The Kosovar crisis comes in handy for Serbia: in recent months more than 60,000 passport applications have been sent to Belgrade by Kosovo Albanians wanting to renew their Serbian citizenship. This is because the citizens of Serbia do not need visas to enter EU countries; many Kosovars abandon their national pride and turn to the country which has been their ancestral enemy. When Serbian Interior minister Nebojša Stefanivić informed the press of the data, he declared that in his view these people considered Serbia as their own country. Obviously that’s not so, since the refugees do not have the slightest intention to remain in Serbia: after crossing the border they head for Subotica via Belgrade.
Whether because Serbia wanted to show the world that these people were its own citizens or because authorities proved impotent to stop the flux of refugees, the police didn’t interfere until the reports of Norbert Sinkovics, a journalist of the Serbian section of Radio Free Europe, had spread all over the world. According to Sinkovics, taxi drivers were waiting for the buses at the Subotica station and drove the passengers for 30 euros to Palic where refugee smugglers had taken over a hotel and made it a base for illegal migrants. After the intervention of the police, the migrants were taken to the nearby village of Bački Vinogradi by taxi drivers who were unwilling to go any farther.
A few kilometres from the border, Kosovars can get instructions from the smugglers for the price of 200 euros. Smugglers usually do not lead people to the border line; they only show them the direction where it is relatively easy to get through. Refugees prefer to cross the border between Palic and Bački Vinogradi, since this is closest to Subotica, and they want to leave Serbia as soon as possible. The only natural obstacle is the channel of the rivulet Körös, which has expanded to become a five-metre-large ravine, where smugglers have thrown branches in the water to make the crossing easier. Refugees often get wet to the skin when they fail to keep their balance on the branches, and they have to change clothes on the opposite bank if they don’t want to catch cold.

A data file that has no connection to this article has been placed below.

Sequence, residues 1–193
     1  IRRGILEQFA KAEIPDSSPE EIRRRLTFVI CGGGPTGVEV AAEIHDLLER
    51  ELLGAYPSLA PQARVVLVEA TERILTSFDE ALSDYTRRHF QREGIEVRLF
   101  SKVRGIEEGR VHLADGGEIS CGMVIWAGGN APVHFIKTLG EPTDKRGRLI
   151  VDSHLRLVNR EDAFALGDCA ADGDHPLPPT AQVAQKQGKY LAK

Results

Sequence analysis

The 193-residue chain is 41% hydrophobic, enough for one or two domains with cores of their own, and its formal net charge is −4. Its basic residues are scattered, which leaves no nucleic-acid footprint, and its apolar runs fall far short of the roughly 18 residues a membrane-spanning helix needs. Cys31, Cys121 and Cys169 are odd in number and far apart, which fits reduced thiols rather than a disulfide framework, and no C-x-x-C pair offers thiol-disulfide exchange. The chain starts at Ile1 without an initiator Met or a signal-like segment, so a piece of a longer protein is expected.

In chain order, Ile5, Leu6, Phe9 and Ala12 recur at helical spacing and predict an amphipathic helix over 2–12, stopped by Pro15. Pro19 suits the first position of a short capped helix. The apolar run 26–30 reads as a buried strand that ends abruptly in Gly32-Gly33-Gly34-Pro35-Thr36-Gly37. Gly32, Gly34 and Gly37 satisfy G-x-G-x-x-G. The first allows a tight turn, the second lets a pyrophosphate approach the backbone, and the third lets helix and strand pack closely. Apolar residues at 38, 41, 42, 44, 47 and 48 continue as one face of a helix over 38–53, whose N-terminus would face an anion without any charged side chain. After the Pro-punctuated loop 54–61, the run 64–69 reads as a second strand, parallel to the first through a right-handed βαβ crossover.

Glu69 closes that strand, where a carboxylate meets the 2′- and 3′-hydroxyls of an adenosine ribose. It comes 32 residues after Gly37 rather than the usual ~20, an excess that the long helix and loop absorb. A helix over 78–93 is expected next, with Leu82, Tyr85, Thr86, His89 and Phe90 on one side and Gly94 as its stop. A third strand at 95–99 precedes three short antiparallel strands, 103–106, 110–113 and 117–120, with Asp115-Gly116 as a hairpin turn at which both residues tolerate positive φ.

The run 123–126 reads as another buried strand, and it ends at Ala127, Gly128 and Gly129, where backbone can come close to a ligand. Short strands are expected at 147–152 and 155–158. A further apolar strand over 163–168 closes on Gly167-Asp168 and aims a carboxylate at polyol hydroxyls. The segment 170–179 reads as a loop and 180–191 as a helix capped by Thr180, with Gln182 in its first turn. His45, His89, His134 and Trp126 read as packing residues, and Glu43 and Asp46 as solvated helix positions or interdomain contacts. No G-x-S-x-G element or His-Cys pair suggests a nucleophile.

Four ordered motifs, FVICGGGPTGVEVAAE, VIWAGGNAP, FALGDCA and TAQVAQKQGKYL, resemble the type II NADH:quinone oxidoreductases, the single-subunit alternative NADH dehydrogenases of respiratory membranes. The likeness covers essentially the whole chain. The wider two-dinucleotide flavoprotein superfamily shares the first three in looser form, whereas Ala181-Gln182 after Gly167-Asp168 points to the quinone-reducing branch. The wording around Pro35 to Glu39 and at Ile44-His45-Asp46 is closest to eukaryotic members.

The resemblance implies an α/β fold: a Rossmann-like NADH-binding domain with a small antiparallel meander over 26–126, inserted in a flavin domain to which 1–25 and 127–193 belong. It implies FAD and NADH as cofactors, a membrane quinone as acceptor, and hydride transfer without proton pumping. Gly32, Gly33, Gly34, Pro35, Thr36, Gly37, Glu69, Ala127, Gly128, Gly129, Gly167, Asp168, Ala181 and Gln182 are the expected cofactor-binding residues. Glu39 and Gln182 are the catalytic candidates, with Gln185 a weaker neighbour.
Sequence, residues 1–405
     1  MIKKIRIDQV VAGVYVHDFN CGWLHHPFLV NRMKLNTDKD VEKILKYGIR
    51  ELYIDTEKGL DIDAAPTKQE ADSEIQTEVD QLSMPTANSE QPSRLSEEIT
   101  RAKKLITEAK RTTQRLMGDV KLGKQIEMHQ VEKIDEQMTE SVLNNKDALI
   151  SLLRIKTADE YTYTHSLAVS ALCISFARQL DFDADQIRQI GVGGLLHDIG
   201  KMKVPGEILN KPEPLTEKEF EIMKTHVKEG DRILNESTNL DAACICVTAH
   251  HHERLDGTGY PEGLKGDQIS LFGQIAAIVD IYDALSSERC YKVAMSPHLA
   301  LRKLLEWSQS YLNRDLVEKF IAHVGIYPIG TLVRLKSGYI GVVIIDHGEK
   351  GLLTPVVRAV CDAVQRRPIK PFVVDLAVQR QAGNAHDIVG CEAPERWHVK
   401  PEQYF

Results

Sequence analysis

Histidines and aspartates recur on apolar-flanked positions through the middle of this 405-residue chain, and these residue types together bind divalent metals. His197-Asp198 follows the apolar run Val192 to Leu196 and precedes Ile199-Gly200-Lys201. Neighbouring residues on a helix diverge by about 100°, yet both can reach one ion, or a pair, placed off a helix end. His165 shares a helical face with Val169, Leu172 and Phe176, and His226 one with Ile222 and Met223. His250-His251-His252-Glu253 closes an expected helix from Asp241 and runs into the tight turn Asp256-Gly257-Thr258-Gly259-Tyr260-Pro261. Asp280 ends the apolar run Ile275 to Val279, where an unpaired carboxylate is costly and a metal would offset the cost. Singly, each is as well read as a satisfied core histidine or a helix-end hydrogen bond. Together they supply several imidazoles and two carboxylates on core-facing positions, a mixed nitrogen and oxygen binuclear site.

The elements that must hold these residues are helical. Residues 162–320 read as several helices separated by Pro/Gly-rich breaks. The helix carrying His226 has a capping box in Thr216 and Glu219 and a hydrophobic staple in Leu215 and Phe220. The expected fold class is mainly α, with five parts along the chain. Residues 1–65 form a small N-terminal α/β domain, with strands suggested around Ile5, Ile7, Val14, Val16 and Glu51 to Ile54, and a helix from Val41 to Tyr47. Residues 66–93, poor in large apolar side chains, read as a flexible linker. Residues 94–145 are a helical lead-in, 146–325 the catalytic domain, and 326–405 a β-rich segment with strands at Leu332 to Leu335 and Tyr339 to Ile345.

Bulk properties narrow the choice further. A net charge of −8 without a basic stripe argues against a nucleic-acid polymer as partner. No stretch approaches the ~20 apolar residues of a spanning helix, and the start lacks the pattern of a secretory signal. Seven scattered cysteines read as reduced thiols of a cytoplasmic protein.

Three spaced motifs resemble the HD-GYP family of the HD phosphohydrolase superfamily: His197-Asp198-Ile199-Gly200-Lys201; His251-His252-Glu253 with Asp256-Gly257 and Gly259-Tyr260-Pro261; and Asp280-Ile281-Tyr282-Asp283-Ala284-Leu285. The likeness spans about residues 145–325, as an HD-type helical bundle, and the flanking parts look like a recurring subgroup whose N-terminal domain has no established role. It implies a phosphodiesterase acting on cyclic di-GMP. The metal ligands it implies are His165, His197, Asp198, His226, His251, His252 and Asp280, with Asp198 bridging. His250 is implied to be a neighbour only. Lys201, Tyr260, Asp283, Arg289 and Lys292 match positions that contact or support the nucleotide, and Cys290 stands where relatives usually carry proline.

Sinkovics says Serbian border guards proved to be rather lenient towards the refugees in the last weeks, and it was only after the news spread by the media that they decided to take measures, together with their Hungarian and German counterparts.
Those who are caught crossing the border illegally have to pay a penalty of 5,000 dinars (approximately 42 euros) to be released immediately. Thus they can make another try a few hours later, as many of them do.
People in Kosovo say they are starving and cannot feed their children if they are unemployed. Those without connections are unable to get jobs, even if they have professional skills. The refugees interviewed were mostly heading to Germany or Austria. As a vast number of Yugoslavs had been working in these countries at the time of the Titoist regime, most Kosovars have a family member or friend there whom they can rely on (solidarity is a lot stronger between Albanians than between the members of any other nation). Voivodina Hungarians who served in the Yugoslav army used to recount that when they got a parcel from home, they immediately drew aside from the others to see what their parents or relatives sent them. Serbian and Croatian soldiers did the same. The Kosovars, however, always shared the homemade food with one another. These are certainly distant memories for the refugees, but Kosovar solidarity has remained the same: they believe that their relatives or friends living in the Western countries will help them, for instance by giving them jobs in their business.
The control of the Serbian–Hungarian frontier was made more severe last week: the number of Serbian border guards was significantly increased and police units were also dispatched to the region. But the Kosovo refugees who disappeared in the thickets are already on the territory of the European Union.